The uprising was the largest and most dangerous series of revolts in the entire Tudor period. The Commons’ grievances were broad: a bad harvest had caused mass poverty and starvation. Without the charity provided by the monasteries the people had no source of relief. Feeling ignored and disenfranchised they rallied behind lawyer Robert Aske, a figure that history remembers well. He is a famed victim of Henry VIII’s duplicity, and a modern martyr of Tudor welfare protests. He gathered support from northern lords, in particular Sir Thomas Percy and Sir Robert Constable. Sir John Bulmer, one of the largest landowners in Yorkshire, also joined the cause. It is worth noting that 1536 was the year of Anne Boleyn’s execution. This was an exceedingly unstable year in Henry VIII’s reign and his government was on a witch-hunt in order to restore control.
Aske spent the Christmas of 1536 at Hampton Court, at Henry VIII’s invitation. The king was remarkably gracious, exclaiming, ‘You are very welcome my dear Mr Aske!’, and gifted the lawyer a red velvet jacket. He then agreed to Aske’s demands in full, on the condition that he stop the uprising. Feeling betrayed by Aske, several northern lords broke away from the peaceful protesting and rallied an army led by Sir Francis Bigod.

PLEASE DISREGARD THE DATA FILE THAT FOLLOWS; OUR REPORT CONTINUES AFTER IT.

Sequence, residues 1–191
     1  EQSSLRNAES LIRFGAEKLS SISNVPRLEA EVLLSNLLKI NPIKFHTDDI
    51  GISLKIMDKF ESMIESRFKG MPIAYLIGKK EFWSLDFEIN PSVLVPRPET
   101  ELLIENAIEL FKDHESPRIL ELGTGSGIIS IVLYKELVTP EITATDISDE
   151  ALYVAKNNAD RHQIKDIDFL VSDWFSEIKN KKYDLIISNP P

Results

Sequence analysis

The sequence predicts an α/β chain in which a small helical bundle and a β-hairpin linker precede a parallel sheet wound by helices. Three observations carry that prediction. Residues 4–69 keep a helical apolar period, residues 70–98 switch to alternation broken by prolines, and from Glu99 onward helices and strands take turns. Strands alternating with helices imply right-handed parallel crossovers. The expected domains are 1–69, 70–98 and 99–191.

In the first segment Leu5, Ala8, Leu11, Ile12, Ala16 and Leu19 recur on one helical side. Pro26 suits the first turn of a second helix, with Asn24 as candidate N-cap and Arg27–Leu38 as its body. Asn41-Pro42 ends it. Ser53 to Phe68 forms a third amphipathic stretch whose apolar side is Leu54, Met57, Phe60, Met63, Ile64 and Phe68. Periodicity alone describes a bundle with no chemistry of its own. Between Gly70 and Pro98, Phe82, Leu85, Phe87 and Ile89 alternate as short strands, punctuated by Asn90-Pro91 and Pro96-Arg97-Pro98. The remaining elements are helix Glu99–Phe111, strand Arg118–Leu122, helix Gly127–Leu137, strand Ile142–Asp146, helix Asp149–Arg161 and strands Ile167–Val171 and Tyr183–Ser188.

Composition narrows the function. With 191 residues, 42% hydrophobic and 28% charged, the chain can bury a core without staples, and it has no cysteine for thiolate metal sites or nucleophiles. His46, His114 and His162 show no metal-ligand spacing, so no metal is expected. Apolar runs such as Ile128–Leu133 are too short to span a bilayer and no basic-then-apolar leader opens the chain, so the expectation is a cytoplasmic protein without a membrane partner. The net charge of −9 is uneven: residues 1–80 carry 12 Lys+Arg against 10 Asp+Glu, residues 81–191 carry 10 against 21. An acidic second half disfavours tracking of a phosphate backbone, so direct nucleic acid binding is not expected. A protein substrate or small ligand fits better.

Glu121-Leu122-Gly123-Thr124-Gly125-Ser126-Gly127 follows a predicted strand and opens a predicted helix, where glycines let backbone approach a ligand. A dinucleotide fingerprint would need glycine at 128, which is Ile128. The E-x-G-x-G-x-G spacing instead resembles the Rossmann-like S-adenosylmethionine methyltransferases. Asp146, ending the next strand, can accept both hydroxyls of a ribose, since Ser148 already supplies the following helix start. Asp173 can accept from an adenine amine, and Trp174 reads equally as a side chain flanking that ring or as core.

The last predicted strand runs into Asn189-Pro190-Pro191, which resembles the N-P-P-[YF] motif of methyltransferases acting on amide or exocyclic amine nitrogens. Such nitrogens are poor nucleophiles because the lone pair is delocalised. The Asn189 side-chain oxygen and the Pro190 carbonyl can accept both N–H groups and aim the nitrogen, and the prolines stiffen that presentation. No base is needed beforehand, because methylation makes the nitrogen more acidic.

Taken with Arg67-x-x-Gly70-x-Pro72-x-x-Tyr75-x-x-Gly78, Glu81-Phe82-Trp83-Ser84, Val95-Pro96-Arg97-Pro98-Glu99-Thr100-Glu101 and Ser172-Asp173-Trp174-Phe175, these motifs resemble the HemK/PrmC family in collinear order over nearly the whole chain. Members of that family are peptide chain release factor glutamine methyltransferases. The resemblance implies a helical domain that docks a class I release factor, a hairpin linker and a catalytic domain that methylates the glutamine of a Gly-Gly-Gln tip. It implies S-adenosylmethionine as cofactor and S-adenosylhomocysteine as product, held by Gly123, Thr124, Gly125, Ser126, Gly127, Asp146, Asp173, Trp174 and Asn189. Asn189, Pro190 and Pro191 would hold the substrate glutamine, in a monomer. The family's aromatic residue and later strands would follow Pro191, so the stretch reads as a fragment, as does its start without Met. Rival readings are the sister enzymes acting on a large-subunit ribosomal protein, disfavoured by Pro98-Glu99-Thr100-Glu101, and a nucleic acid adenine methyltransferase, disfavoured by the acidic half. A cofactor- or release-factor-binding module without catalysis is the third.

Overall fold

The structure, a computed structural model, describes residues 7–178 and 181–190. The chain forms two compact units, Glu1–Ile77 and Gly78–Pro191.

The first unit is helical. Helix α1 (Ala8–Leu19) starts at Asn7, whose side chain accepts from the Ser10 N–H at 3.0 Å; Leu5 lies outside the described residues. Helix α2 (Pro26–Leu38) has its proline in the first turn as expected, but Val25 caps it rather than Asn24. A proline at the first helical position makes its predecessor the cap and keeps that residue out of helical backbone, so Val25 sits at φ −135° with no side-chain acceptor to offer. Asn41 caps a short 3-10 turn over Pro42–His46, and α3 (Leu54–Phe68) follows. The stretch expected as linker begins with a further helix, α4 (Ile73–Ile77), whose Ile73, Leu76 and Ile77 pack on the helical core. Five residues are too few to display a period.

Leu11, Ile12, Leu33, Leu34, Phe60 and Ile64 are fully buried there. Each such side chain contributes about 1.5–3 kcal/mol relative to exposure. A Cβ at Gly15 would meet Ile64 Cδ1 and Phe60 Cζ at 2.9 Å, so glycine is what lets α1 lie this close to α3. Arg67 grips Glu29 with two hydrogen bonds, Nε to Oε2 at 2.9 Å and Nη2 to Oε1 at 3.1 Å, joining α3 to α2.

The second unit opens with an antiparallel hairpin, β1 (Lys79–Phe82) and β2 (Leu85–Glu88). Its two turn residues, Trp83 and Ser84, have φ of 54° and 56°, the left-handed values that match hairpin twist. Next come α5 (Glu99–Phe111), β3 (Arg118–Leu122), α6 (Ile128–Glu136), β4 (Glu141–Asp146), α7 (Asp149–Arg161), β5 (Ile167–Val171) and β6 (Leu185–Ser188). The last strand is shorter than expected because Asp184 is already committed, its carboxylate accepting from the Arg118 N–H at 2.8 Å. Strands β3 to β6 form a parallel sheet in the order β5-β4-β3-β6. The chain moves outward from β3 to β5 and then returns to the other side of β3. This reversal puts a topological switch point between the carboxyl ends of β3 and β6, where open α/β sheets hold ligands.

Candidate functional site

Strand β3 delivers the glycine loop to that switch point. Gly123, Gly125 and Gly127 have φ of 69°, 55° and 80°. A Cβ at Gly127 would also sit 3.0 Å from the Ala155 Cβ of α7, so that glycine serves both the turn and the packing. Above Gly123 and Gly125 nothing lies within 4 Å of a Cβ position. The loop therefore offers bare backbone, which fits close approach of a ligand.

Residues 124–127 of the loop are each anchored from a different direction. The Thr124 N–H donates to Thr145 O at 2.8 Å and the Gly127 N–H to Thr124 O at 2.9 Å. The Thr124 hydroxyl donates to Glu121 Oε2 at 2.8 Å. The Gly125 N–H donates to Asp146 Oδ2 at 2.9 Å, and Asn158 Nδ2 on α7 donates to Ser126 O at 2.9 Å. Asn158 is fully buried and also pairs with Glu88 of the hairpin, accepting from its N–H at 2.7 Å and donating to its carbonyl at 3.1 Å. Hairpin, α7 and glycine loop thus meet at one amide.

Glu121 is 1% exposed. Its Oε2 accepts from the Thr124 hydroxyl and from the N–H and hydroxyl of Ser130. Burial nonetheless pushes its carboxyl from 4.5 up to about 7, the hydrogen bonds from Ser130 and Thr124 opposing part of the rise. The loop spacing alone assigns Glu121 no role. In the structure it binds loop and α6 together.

It was a brief rebellion and quickly crushed, however it resulted in the sudden arrest of Robert Aske and Thomas Darcy, who had returned to London in order to supposedly receive the king’s thanks for their support against Bigod’s Rebellion. One can only describe the mood of the Bulmers at this time as panicked. They contemplated fleeing to Scotland, however Margaret worried that if her husband fled they would be parted forever. Sir John reportedly comforted her, saying “Pretty Peg, I will never forsake thee.” Their decision seemed to be based on whether there would be support for another rebellion. It is not clear whether this would be a final effort for Sir John to join, allowing him to ‘die in battle in Yorkshire instead of as a prisoner in London’, or whether Sir John was actively stirring up another revolt himself. The decision not to flee would later be considered evidence enough of High Treason, with Margaret painted as a Lady Macbeth figure, enticing her husband to betray his king. Today, one cannot ignore the dire straits that the family found themselves in: Margaret had recently given birth three months prior, and fleeing would also have been seen as an admission of guilt.